A Few Words with Jean Henry-Mead

Biography taken from her web page:

Jean Henry-Mead is a novelist and award-winning photojournalist. She began her writing career as a news reporter and photographer in California. She later worked for the statewide newspaper in Wyoming where she also served as a magazine editor, freelance photojournalist and editor. Her magazine articles have been published domestically as well as abroad and have earned a number of regional and national writing awards. Her novels have been published under the name Jean Henry; her nonfiction books and magazine articles as Jean Mead, S. Jean Mead and Jean Henry-Mead. Her latest release, A Village Shattered, is the first novel in her Logan & Cafferty senior sleuth series. Diary of Murder is the second book in the series.

1. Where did you get your education? Did your studies have anything to do with writing?

I've received my education in various parts of the country, including California, Wyoming and Nevada. I concluded at the University of Nevada, Las Vegas. I majored in English/journalism and worked as a cub reporter while editor in chief of my college newspaper. My first job out of college was as a news reporter.

2. I see you've written 12 books. What got you started as a writer?

News reporting is a great way to learn to write. You sit down and write, no matter how noisy your environment, and you usually only have time for one draft before your work goes into print. I've been known to say that I could write in the middle of a
traffic jam. In journalism, there's no such thing as writer's block.

I learned to write fiction by reading and rereading Dean Koontz's novels. I like the way he strings his words together.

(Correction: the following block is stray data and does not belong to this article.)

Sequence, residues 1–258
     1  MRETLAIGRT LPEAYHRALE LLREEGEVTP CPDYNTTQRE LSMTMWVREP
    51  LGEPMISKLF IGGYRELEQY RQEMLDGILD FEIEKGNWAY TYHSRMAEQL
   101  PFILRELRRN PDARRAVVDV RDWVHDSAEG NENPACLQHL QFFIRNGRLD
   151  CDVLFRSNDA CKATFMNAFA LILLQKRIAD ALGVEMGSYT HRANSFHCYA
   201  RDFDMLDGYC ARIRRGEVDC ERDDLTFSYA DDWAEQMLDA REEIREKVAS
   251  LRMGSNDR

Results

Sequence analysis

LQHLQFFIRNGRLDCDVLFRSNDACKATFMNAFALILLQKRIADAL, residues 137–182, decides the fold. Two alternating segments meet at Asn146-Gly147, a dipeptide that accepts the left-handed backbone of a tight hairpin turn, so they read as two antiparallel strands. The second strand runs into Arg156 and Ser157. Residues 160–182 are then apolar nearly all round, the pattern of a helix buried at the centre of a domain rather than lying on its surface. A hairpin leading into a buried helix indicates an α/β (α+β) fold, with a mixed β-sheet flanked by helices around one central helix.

3. What are the regional and national writing awards that you have won?

Mainly from California and Wyoming Press Women for newspaper feature stories I've written. Also from Wyoming Writers, Inc. for short stories.

4. Which novel are you the most proud of and why?

Escape, A Wyoming Historical Novel. I spent more than two years researching a prior nonfiction book, Casper Country: Wyoming's Heartland, on microfilm and I used my extensive notes to write the novel.

5. What genres do you prefer?

Mystery/suspense and western historical.

6. Who have you published with and what have your experiences been with editors and publishers?

My first publisher was Pruett Publishing of Boulder, Colorado. I've subsequently been published by Caxton Press of Caldwell, Idaho; Medallion Press of Wyoming, and ePress-Online. I've also been published by a number of magazines, including Empire Magazine of the Denver Post, SAGA Men's Magazine, In Wyoming Magazine (where I served as editor), and a number of foreign western magazines in Germany and Norway.

As for editors and publishers, some have been great to work with, others not. It can be very frustrating when an editor or publisher wants to change the concept of your book. I've asked for my manuscripts back from three different publishers and resold them to other publishers who produced them with only minor edits. I've been fortunate that all my books have sold.

7. Can you tell us a little bit about your latest book, Diary of Murder?

It's the second novel in my Logan & Cafferty series and features two sixty-year-old senior sleuths who travel the country in a motorhome, stumbling over bodies. In Diary, Dana Logan's sister dies mysteriously, her husband claiming it's suicide, but Dana and her friend Sararh set out to prove it's murder. In the process they encounter a vicious Wyoming drug ring and more murders. They nearly lose their own lives before they solve the case.

8. What's your philosophy on authors and writers in the modern, electronic world?

Ebooks are gaining ground in the publishing industry. The last I heard, ebook sales comprise more than ten percent of all book sales and are no longer confined to small presses. Major publishers are getting into electronic publishing and travelers realize that they can take multiple books with them in a handheld devise small enough to fit in a purse or briefcase. I don't think they will ever completely replace books in print but they're definitely gaining in popularity. I look forward to the day when ebook readers are standaridzed.

Join Jean Henry Mead's Facebook fan page here and check out her web page here!

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